ICTY Appeals Chamber Delivers Two Major Judgments: Blaski and Krsti

Mark A. Drumbl
August 18, 2004
On July 29, 2004, the Appeals Chamber of the International Criminal Tribunal for the former Yugoslavia (ICTY) [1] overturned 16 of the 19 convictions previously entered by an ICTY Trial Chamber against Bosnian Croat military officer Tihomir Blaski?. [2] This judgment follows the April 19, 2004, Appeals Chamber decision in the matter of Radislav Krsti?, a General-Major in the Bosnian Serb Army (VRS).  The Appeals Chamber reversed Krsti?'s 2001 conviction as a direct perpetrator of genocide in a joint criminal enterprise and substituted a conviction for aiding and abetting genocide. [3]    The Appeals Chamber reduced Blaski?'s sentence from 45 to 9 years (and then, in a separate application, granted him early release). It reduced Krsti?'s sentence from 46 to 35 years.
These two judgments bear upon the substantive development of international criminal law, the pending work of the ICTY, justice for victims, and politics in the present states of the former Yugoslavia. This Insight briefly summarizes both judgments. Given that these are extremely complex cases, this summary necessarily will be cursory.  This Insight then briefly surveys the broader implications of both judgments.
I.            Prosecutor v. Blaski?
This case emerged from conflict between the Croatian Defense Council (HVO) and the Bosnian Muslim Army in the Lasva Valley region of central Bosnia from May 1992 to January 1994.  Blaski? was the Commander of the HVO armed forces in Central Bosnia when atrocities were committed in the region (in particular in the village of Ahmi?i) by various military and paramilitary brigades. An ICTY Trial Chamber had convicted Blaski? for ordering certain crimes against humanity and war crimes against Muslim civilians under ICTY Statute art. 7(1). He also was convicted for his failure as a commander to prevent the commission of these crimes or otherwise punish the perpetrators under ICTY Statute art. 7(3).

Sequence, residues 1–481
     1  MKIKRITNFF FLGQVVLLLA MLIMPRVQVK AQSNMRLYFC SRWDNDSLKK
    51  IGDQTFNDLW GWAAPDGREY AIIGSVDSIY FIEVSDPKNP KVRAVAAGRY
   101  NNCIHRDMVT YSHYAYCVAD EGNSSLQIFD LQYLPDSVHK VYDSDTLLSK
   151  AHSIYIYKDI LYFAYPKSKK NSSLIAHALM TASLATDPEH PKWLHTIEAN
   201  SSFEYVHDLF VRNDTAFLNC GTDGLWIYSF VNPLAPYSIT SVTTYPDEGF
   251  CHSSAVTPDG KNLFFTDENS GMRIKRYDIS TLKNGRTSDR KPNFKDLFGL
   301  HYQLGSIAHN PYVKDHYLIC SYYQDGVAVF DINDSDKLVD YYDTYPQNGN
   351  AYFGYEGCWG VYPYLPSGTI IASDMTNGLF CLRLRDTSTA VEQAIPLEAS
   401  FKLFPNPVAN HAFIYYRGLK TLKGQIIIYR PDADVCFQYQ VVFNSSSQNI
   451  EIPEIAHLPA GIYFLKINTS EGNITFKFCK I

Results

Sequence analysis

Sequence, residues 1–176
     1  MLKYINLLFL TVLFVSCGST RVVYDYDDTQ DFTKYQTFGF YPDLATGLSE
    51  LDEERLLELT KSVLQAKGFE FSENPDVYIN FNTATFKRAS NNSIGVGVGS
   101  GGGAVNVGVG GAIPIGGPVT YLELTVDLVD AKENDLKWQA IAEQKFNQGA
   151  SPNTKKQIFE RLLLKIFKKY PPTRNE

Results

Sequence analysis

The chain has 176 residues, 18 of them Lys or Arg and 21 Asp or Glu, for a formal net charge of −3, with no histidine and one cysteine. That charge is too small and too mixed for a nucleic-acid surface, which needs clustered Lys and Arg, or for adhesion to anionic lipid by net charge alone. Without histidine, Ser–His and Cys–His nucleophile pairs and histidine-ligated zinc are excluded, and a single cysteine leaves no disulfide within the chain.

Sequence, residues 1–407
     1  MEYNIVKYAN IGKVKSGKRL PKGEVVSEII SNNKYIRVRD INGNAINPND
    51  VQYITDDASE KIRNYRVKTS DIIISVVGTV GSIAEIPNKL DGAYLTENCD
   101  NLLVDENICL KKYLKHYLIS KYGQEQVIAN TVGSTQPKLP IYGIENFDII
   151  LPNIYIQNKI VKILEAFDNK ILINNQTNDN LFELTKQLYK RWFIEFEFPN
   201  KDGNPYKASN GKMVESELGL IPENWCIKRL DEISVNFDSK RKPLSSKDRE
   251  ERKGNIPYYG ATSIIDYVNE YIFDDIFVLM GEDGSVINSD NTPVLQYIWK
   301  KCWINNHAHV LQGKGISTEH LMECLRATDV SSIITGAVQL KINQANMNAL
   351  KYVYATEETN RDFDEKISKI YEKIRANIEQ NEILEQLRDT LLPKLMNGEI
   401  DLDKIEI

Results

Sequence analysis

Following the Trial Chamber conviction, Blaski? filed 8,000 pages of additional evidence, some of which was admitted by the Appeals Chamber (¶¶ 4, 5). This evidence largely became available after the death in late 1999 of former Croatian President Franjo Tudjman, who did not cooperate with the ICTY.  Blaski? also called a number of new witnesses.
Blaski? requested that the Appeals Chamber review the legal standards deployed by the Trial Chamber, the Trial Chamber's review of the evidence before it, and also the new evidence unavailable to the Trial Chamber. In this sense, Blaski? involved an unusual situation: namely, where considerable evidence becomes available after a Trial Chamber has convicted, but the Appeals Chamber decides that a re-trial is not warranted.  The scope of appellate review in this situation was a question of first impression. The Appeals Chamber held that where it is "seized of the task of evaluating trial evidence and additional evidence together [.] it should, in the interests of justice, be convinced itself, beyond reasonable doubt, as to the guilt of the accused" (¶23; see also ¶ 24).
Regarding art. 7(1), the Appeals Chamber held that "a person who orders an act or omission with the awareness of the substantial likelihood that a crime will be committed in the execution of that order [] has the requisite mens rea for establishing liability [.]" (¶¶ 42, 166). The Appeals Chamber eschewed the negligence standard that, according to the Appellant, had been promulgated by the Trial Chamber. For the Appeals Chamber, "[t]he knowledge of any kind of risk [that violations would occur], however low, does not suffice for the imposition of criminal responsibility [.] [U]nder the Trial Chamber's standard, any military commander who issues an order would be criminally responsible, because there is always a possibility that violations could occur" (¶ 41).